Put your records on: Vinyl rebirth breathes life into music industry
In 2015, Canadians purchased more than half-a-million vinyl records — nearly a third more from the year before, according to Nielsen Music.
And the Ontario-based Sunrise Records is banking on that trend continuing.
The chain is taking over 70 closing HMV stores across Canada and is featuring vinyl front and centre for a plan to succeed where HMV failed.
"People definitely love having something to collect. I think music fans in particular love something that's tangible. You know, you get the lyrics … and of course it sounds fantastic. So I think all those things combined together make it just a great product," says Sunrise Records president Doug Putman.
Putman sees the growth of vinyl continuing for the next several years.
"But, you know, even if they start, you know, to hit a plateau and even decline slightly in three years it's still a very substantial and meaningful number. So I think we've got quite a ways to go on this," Putman tells The Current's Anna Maria Tremonti.
"Whether it's streaming or digital, you really don't own that. It is on the cloud, it's not really yours, it disappears at some point," says Putman.
"This is yours forever."
Rob Rice is one of four entrepreneurs starting Kaneshii Printing Press Ltd. in Charlottetown, P.E.I.
This spring, it's set to become the first vinyl pressing plant in Atlantic Canada.
The startup was inspired by a lack of supply in the Maritimes for local musicians to have their album printed on vinyl without having to source somewhere in the U.K.
Rice tells Tremonti the press uses new technology that includes warm tone presses which are state of the art.
"It's all computer-driven, computer-monitored and very up to par with any of the old presses but it takes it that next step further and brings it to the 21st century."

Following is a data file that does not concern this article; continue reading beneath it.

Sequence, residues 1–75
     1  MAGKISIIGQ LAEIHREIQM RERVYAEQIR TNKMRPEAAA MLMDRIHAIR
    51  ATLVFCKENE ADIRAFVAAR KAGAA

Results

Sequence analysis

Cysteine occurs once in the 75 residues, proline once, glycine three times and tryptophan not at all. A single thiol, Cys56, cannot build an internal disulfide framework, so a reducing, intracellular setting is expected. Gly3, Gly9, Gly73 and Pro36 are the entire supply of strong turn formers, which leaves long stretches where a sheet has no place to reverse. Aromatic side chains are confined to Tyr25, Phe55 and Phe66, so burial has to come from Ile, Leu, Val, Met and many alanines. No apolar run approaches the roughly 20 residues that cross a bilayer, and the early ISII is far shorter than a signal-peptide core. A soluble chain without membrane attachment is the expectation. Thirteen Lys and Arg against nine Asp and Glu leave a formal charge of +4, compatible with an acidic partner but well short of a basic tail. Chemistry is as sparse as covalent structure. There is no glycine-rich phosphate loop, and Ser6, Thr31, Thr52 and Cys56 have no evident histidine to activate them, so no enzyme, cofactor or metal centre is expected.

Julian Seth-Wong says it's great to see the revitalization of the industry with new pressing plants.
He's the owner of Tonality Record and opened up the store two years ago when he was only 17-years-old.
Seth-Wong says the demographic of his customers vary from pre-schooler to middle-age.
"I've had kids as young as three or four come in with their parents and pick five records off the shelves and say I want those. I want to take those home and listen to them," he tells Tremonti.
"And I've had people in their 60s come in and just kind of get blown away by the fact that this is still an ongoing trend."
Seth-Wong tells Tremonti that the allure of vinyl is the warm sound it gives that he says isn't in digital music.
"If I close my eyes — not to sound pretentious — but I can hear the music kind of you know creeping behind me and coming at me from all directions as opposed to just shotgunning from one area."
Listen to the full segment at the top of this web post.
This segment was produced by The Current's Idella Strurino and Kristin Nelson.